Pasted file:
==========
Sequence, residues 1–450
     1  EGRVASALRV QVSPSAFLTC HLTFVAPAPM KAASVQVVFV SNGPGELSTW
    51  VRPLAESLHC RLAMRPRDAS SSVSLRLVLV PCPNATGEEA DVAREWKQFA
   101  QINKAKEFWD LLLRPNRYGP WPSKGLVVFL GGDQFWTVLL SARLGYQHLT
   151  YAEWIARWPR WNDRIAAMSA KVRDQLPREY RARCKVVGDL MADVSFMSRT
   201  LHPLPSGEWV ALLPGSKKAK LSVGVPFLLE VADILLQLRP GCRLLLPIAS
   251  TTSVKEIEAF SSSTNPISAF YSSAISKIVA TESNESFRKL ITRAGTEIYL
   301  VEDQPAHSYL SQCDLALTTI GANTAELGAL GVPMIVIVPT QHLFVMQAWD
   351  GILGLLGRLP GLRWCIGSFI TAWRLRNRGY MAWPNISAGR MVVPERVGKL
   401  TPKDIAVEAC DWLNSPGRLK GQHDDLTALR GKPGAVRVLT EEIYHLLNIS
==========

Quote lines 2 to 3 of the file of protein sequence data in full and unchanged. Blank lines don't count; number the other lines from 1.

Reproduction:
     1  EGRVASALRV QVSPSAFLTC HLTFVAPAPM KAASVQVVFV SNGPGELSTW
    51  VRPLAESLHC RLAMRPRDAS SSVSLRLVLV PCPNATGEEA DVAREWKQFA